Kgalema Motlanthe urges South Africa 'bribe' inquiry
South Africa's Deputy President Kgalema Motlanthe has called for an official inquiry into allegations that his partner solicited a $13m (£8m) bribe.
Mr Motlanthe and Gugu Mtshali deny any wrongdoing, his office says.
Local media reported that Ms Mtshali asked for a bribe from a South African firm wanting to sell US helicopters to Iran in defiance of UN sanctions.
President Jacob Zuma's critics have touted Mr Motlanthe to replace him and run for president in 2014 elections.
The allegations in the Sunday Times were of such a "serious nature" that the deputy president has written to South Africa's ombudsman, asking Public Protector Thuli Madonsela to investigate, his office says.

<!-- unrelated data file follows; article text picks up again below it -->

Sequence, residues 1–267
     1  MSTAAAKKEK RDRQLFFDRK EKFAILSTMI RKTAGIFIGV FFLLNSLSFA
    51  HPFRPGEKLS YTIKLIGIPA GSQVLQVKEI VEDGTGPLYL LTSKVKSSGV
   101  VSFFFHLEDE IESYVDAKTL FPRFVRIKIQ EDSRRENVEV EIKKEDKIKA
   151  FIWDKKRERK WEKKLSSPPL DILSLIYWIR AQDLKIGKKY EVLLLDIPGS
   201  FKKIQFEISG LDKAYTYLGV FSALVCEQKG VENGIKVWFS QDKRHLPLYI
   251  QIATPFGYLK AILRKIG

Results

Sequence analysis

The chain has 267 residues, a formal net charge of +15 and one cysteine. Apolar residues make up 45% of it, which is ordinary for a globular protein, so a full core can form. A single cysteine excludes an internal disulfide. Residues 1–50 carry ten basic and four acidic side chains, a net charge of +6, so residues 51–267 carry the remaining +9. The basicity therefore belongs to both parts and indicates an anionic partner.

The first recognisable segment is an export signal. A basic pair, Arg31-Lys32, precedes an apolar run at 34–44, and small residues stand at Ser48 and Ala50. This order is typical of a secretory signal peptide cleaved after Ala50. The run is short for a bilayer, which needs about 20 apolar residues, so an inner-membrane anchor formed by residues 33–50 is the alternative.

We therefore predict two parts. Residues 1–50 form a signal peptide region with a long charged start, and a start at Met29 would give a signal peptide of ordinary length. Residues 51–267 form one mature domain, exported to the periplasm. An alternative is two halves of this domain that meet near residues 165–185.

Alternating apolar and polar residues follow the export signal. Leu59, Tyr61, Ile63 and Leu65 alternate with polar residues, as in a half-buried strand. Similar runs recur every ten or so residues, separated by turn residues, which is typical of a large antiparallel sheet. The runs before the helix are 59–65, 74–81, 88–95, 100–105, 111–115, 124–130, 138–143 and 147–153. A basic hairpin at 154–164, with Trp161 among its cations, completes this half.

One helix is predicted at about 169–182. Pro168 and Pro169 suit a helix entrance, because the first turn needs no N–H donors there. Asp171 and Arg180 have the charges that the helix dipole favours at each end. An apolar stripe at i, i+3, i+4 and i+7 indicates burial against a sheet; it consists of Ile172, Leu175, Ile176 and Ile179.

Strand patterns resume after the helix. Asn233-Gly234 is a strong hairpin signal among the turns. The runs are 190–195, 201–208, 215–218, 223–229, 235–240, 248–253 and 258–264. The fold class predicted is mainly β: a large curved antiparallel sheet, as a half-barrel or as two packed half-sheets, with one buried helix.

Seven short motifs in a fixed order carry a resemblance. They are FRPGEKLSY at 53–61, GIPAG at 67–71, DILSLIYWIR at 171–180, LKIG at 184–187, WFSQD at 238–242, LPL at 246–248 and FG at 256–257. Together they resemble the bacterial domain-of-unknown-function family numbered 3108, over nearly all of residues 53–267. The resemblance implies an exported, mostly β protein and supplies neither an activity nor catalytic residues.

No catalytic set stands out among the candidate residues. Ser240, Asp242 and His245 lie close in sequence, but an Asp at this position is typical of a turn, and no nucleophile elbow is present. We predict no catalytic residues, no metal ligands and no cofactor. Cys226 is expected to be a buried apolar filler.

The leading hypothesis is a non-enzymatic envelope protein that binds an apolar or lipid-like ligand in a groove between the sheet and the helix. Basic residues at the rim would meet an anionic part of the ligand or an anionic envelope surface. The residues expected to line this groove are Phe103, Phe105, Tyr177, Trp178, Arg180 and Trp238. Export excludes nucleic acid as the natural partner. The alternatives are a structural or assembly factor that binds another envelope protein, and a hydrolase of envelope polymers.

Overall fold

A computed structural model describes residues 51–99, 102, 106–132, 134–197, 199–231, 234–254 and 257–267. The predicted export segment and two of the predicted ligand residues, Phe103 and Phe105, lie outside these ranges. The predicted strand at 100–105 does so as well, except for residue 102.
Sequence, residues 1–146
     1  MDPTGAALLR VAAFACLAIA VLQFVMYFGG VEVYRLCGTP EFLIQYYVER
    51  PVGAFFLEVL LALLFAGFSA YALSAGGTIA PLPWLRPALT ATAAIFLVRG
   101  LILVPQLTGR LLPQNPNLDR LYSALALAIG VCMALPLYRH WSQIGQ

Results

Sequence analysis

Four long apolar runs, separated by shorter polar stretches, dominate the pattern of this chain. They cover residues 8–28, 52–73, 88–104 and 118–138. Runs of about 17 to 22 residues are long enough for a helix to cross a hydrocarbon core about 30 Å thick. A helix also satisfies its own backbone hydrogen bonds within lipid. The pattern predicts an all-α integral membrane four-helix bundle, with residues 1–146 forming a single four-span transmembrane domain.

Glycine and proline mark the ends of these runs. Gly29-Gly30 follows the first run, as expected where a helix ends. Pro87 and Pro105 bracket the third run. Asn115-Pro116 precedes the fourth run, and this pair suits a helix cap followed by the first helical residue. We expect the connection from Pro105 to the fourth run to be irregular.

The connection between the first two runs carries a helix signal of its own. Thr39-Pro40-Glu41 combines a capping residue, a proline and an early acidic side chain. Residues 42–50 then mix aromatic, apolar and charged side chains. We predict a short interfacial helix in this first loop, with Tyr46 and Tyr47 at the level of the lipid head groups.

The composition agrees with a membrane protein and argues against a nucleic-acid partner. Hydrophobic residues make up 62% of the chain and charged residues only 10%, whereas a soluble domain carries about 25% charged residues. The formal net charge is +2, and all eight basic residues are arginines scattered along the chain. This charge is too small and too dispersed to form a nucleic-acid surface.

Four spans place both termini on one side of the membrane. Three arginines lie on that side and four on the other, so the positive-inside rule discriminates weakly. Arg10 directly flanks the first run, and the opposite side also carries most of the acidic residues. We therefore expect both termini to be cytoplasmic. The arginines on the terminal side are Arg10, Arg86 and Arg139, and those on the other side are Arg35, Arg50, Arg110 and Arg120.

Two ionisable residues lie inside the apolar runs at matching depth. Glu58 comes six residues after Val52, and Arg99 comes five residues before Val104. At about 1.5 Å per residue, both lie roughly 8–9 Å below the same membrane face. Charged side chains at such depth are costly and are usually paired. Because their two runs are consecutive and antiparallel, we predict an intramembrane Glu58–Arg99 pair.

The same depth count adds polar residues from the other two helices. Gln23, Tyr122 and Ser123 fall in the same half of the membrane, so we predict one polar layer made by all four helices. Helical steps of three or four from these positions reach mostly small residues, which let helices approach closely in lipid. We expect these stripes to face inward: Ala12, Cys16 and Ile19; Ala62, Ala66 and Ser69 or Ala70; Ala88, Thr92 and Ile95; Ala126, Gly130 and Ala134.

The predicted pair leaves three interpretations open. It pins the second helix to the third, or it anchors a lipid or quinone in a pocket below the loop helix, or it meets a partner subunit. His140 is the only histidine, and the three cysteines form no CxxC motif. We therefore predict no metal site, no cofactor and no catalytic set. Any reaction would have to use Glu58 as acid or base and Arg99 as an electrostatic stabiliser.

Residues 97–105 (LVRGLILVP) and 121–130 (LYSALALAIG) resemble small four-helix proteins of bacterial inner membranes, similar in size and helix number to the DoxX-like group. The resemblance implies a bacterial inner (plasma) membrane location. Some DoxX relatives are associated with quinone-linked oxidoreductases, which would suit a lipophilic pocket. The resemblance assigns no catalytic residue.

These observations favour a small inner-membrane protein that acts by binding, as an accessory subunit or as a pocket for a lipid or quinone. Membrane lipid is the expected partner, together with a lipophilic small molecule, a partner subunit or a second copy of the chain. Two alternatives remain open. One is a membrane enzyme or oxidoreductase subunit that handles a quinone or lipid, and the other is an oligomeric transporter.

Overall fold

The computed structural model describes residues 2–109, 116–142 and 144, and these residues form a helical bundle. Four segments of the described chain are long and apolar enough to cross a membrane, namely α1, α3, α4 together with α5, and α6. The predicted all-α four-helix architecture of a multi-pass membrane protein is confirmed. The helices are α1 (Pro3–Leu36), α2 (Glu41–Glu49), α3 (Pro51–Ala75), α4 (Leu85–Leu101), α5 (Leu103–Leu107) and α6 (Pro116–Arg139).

"Both Deputy President Motlanthe and Ms Mtshali are firmly of the view that they have committed no wrong doing of any kind in relation to the alleged events described in the Sunday Times story," the statement reads.
When Thabo Mbeki resigned as president in 2008, Mr Motlanthe served as South Africa's caretaker president ahead of the 2009 elections which saw Mr Zuma come to power.
He was seen as a safe pair of hands and at times was considered as a potential challenger to Mr Zuma's desire for a second term, the BBC's Karen Allen in Johannesburg says.
That possibility is now higly unlikely, our correspondent says,- the most vocal supporter of any Motlanthe bid for presidency.
But a political motivation for these bribery allegations cannot be ruled out, she adds.